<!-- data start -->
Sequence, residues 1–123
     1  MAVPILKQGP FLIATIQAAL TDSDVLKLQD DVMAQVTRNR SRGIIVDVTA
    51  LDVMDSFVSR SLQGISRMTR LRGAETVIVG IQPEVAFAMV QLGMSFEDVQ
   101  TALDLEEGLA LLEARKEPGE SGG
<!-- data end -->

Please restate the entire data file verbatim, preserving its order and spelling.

Sequence, residues 1–123
     1  MAVPILKQGP FLIATIQAAL TDSDVLKLQD DVMAQVTRNR SRGIIVDVTA
    51  LDVMDSFVSR SLQGISRMTR LRGAETVIVG IQPEVAFAMV QLGMSFEDVQ
   101  TALDLEEGLA LLEARKEPGE SGG